A Good Yarn: Koori Elders talk about culture, country and history
Art & Design
Art & Design
An oral history series documenting the experiences of ten Aboriginal Elders will contribute Aboriginal voices and perspectives to primary education.
An oral histories project will give primary school students access to aspects of Aboriginal culture and experience as told by Aboriginal Elders.
The project, Keeping Culture: Utilising Koori Elders wisdom and knowledge in education, documents the histories of five women and five men with a depth of knowledge across diverse sectors, including child protection, Aboriginal self-determination and environmental activism, academia and the arts.
The short video series, funded by an ARC Indigenous Discovery Grant, was recorded by Associate Professor Fabri Blacklock from UNSW Sydney and Professor Janet Mooney from the Australian Catholic University. The histories contribute to a critical gap in educational research on Aboriginal knowledges and perspectives.
The project will enhance Aboriginal education in Australian schools and strengthen the identity, connection to culture and educational outcomes of all students, says A/Prof. Blacklock, a Nucoorilma and Biripi woman, from UNSW’s School of Art & Design.
“Elders’ wisdom and knowledge, perspectives and experiences are the foundation and lifeblood of continuing Koori culture,” she says. “This research is urgent to prevent the knowledge and wisdom they carry with them from being lost forever.”
The project draws on local Koori oral tradition, using Aboriginal research methodologies, such as yarning and deep listening.
“[Yarning and deep listening are] central to our connection to country and culture and [fostering] our resilience through the continued colonisation of our people, land and culture,” A/Prof. Blacklock says.
Yarning circles are gaining momentum within education and community organisations more broadly, she says. “Having a talk, having a yarn in a more informal way, rather than a traditional qualitative interview … is a really good way to have that two-way sharing between people, [promoting] multiple voices, and sharing and learning as mob.”
A/Prof. Blacklock is an artist, historian and curator whose research aims to improve educational equity and wellbeing for Aboriginal people. Her research is central to her identity as a Koori woman, privileging Aboriginal epistemologies and ontologies, she says.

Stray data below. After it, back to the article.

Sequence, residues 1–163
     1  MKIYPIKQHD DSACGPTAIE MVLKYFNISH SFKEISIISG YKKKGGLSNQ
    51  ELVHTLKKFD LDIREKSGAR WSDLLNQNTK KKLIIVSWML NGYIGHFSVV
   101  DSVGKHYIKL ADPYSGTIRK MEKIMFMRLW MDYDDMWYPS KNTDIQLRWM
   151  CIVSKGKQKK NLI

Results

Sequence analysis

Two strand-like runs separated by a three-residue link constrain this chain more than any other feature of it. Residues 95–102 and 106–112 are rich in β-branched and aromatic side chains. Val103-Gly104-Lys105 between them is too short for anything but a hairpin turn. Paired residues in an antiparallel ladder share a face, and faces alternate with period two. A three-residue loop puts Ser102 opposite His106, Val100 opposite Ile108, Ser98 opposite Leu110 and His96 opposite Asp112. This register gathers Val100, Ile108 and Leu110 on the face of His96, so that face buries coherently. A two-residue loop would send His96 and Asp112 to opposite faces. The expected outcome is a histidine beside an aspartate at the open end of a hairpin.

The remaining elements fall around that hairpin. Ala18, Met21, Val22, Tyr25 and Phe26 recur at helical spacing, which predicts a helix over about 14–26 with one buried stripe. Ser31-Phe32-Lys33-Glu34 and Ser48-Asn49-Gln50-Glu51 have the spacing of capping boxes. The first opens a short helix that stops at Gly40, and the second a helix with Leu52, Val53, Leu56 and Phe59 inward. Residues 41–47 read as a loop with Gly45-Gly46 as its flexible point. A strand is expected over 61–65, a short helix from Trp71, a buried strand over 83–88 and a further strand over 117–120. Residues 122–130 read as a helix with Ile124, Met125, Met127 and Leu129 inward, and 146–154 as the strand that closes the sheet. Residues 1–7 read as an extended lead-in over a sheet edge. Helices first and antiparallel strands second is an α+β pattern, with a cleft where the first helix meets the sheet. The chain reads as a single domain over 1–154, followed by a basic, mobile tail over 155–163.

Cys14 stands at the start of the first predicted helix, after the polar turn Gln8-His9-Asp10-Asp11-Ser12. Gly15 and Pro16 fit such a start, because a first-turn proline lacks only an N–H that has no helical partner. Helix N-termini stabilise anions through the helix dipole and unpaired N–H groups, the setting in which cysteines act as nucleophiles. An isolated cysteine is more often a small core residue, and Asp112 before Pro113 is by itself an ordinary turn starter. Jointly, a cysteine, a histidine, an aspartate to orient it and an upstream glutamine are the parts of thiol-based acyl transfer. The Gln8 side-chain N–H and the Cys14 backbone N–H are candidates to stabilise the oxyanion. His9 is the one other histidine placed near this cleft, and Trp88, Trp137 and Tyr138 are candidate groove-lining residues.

The Elders’ oral histories project plays an important role in Indigenising the school curriculum and embedding Aboriginal knowledges within our education system, A/Prof. Blacklock says.
“Learning from Aboriginal Elders as the senior knowledge holders and custodians of culture can improve students’ understanding of the history of Australia,” she says.
“Our education system is very Eurocentric, and dominated by non-Aboriginal perspectives and experiences... I think it’s important that [as Aboriginal people] we have the space to tell our stories on our own terms.”
The Elders offer diverse perspectives on being Aboriginal in Australia. Influential people within their communities, they have collectively advocated for better conditions for Aboriginal people, including better community housing, a living wage, respect for Aboriginal protocols of kinship care, artmaking for wellbeing and traditional land rights.
“Culture is very, very important to Aboriginal people,” says Aunty Sue Blacklock (OAM). “To know where you come from, to know that is to identify yourself as an Aboriginal and to be proud of who you are and where you come from.”
Aunty Sue lobbied for improved child welfare, kinship care and cultural sensitivity in Aboriginal child protection. She co-founded Winangay Resources, an Aboriginal-controlled non-government organisation dedicated to improving outcomes for Aboriginal children in out-of-home and kinship care.
“I wanted to see our kids come back home,” she says. “It’s very important to protect children and to keep them safe. I work training carers and workers about kinship, to get out there and find their [kids’] families … to stop the tears and heartaches in our community.”